Baker Overstreet

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Baker Overstreet
Glazed Gas Gangs Gas And Gimp Gump, 2006-2007
Acrylic on canvas
121.9 x 151.1cm

Influenced by tribal and folk art, Baker Overstreet envisions a primitive abstraction reflective of contemporary zeitgeist. In totemic compositions of bold colour and stylised patterning Overstreet develops his own painterly lexicon comprised of personal symbolism and gesture. Through their atavistic formalism, Overstreet’s symmetrical arrangements create deceptive pictorial fields: Rough scrawled lines and blocks of vibrant hue evoke fleeting suggestions
of figurative or architectural form, creating moments of recognition only to be devoured by the urgency of the paintings’ surfaces.

Baker Overstreet
Dirty Piller's Beauty Bumps, 2006-2007
Acrylic on canvas
196.2 x 168.3 cm

Using abstraction as a means to negotiate between this internalized and externalised perception, Overstreet’s paintings evolve as contemplative planes of contradiction. Thick gooey swatches of impasto are juxtaposed with wandering drips, hurried markmaking, and defined geometric forms. Areas of patchy tincture battle to dominate their visible under-painting, while tonal perspective is skewed, as each individual shape tries to extrapolate itself from the flatness of the picture plane. Overstreet’s paintings evolve as instinctive and raw sentiments; eliciting a faux-naïve charisma his paintings bridge the gulf between primordial ritual and modern excess.

Baker Overstreet
Faberge Luvas, 2006-2007
Acrylic on canvas
147.3 x 172.7cm

Overstreet’s Faberge Luvas broaches glamour and mystery with crudely rendered gusto. Roughly approximating a grand hall interior with thick textured brushwork in purple and orange,
Overstreet’s canvas operates as a stage set for narrative and painterly action. Setting two African shield-like forms against a garishly painted background, a band of dirty pink secures the
surface’s flatness while the central diamond shape forces an awkward perspective. Looming over the scene, a Masonic emblem infuses all with secretive mystical authority.

Baker Overstreet
Hot Mic, 2006-2007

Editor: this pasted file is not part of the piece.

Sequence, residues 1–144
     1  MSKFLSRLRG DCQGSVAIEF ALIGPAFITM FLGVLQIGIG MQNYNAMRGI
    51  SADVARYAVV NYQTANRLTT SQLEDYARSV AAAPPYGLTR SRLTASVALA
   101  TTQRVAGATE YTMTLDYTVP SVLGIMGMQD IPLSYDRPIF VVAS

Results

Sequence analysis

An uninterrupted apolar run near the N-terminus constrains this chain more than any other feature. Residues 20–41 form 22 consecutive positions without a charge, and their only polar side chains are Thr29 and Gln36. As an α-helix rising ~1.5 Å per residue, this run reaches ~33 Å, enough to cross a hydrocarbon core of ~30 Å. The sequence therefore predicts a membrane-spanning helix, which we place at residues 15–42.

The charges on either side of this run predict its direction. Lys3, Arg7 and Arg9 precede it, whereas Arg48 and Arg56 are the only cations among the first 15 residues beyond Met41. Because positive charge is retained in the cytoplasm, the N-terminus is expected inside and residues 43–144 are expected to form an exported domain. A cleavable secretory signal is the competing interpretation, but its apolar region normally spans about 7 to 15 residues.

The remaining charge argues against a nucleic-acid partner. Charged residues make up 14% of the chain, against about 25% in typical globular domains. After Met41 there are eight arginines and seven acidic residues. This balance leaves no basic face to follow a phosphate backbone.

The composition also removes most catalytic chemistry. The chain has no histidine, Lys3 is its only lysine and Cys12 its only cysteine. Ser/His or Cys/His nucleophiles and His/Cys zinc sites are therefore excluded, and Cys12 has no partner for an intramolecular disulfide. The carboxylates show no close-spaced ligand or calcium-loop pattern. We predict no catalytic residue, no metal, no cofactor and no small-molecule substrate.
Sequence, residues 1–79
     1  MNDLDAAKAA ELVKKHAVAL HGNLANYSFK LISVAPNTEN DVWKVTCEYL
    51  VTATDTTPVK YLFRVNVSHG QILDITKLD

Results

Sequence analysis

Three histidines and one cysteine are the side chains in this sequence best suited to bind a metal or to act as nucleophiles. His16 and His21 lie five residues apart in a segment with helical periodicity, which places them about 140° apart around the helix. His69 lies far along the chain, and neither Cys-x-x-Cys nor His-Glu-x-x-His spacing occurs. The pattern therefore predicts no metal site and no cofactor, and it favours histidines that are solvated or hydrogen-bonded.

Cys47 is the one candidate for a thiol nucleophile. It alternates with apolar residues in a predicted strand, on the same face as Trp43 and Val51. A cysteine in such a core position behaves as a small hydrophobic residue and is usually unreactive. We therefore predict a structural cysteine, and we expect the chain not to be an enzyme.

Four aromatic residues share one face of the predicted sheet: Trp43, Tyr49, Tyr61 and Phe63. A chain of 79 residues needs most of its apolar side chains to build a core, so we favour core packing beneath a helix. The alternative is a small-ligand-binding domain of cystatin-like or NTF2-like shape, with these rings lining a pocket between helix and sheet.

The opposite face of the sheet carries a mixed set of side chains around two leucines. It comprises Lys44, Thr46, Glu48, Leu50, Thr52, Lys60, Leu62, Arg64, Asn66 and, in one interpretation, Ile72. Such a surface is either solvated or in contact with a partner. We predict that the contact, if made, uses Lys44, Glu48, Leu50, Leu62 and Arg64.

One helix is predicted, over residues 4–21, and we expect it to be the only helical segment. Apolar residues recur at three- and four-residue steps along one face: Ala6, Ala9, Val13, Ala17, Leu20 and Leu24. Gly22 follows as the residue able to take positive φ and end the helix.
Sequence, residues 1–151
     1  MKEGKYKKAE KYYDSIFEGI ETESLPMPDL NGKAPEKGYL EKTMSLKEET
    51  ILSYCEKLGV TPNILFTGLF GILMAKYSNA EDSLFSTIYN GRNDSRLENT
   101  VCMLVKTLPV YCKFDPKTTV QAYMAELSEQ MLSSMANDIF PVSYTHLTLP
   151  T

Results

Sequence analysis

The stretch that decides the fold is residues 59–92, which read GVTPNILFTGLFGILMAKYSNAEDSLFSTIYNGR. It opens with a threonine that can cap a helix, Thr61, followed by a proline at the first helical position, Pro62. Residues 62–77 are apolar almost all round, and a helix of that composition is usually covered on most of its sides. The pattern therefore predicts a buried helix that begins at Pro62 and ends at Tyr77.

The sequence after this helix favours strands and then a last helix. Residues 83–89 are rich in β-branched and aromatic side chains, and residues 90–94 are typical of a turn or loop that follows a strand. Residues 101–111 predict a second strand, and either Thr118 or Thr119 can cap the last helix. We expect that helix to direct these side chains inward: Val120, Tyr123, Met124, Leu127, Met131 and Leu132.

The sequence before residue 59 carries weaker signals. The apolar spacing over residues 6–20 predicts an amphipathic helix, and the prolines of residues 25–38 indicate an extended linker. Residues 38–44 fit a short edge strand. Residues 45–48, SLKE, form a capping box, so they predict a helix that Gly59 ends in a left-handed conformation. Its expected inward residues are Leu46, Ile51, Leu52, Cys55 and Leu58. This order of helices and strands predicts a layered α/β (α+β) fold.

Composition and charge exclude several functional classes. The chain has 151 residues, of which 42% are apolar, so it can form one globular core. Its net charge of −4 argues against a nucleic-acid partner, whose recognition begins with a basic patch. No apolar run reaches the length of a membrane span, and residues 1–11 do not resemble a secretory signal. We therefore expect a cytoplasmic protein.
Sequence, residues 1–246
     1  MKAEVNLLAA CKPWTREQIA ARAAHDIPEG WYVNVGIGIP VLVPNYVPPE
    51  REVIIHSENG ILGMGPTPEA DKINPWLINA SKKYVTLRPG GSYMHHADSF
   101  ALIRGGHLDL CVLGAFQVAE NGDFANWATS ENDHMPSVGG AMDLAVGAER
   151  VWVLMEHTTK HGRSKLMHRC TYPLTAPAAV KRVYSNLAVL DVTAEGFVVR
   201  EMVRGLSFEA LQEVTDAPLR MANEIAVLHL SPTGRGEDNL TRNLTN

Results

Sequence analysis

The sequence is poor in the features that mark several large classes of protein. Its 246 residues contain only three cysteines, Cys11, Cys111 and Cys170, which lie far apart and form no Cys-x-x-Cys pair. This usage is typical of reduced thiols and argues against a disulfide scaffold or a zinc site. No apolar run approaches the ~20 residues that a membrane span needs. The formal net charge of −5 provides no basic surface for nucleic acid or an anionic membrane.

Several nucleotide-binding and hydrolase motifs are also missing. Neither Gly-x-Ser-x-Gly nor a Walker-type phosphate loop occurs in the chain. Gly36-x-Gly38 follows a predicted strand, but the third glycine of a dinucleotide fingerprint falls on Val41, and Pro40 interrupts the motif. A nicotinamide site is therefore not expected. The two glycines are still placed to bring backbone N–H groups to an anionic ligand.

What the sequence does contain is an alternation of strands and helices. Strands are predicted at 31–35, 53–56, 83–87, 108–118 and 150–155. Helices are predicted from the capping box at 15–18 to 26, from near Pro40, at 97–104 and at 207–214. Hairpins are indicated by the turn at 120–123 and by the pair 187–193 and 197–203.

Acrylic on canvas
119.4 x 101.6 cm

Conveying undertones of Art Brut, outsider art, and graffiti, Overstreet’s large scale canvases offer contemporary ‘folk’ painting as something equally primitive and commercial. In Hot Mic, his deistic figure stands with the frivolous authority of a logo, a self-styled brand of carnivalesque dumbness. Rendered in bigtop red, white, and green, the trippy patterning blares mesmerizingly against a ground of layered and shifting blacks, giving the painting’s benign motif a sinister dimension.

Baker Overstreet
Top Hat ISO Bottom Fatty, 2006
Acrylic on canvas
105.4 x 105.4 cm

Baker Overstreet
Flattering Turtleneck, 2006
Acrylic on canvas
163 x 163 cm

Overstreet’s casual painting style belies an astounding authority and confidence. His solidly balanced compositions and fluid showoff gestures create precarious illusions where imagination and form meet. In Flattering Turtleneck a stylised portrait dissembles into contrasting associations to billboard signage, aboriginal hieroglyphs, and decorative patterning, flaunting Overstreet’s expansive lexicon of painterly vernacular.

Baker Overstreet
Tuff Titties, 2007
Latex and acrylic on canvas
101.6 x 101.6 cm

Baker Overstreet
Alibaster Plaster Caster, 2008
Acrylic and latex on canvas
132.1 x 170.2 cm

Using painting as a platform for wild invention, Overstreet’s Alibaster Plaster Caster dazzles with its Technicolor efficiency. Evoking a sort of psychedelic machine, acid hued geometric
shapes assert their form and function, each a vital component in the tightly balanced arrangement. As chunky blocks of primary tones anchor the scene, zippy stripes and motley dots refute gravity, giving Overstreet’s cumbrous futurism a sense of neon weightlessness.

Baker Overstreet
The Continental Bathosphere, 2008
Acrylic and latex on canvas
157.5 x 121.9 cm

Overstreet’s The Continental Bathosphere maps out a crazy architecture. Rendered with all the gaudiness of a casino, his composition’s impossible physics are precariously founded over a
heavily built up surface. As planes of colour approximate flatness over the remnants of drafts beneath, their raffish tones compete for spatial dominance by reverberating in and out of depth,
furthering the disorientating effect of Overstreet’s topsy-turvy perspective.



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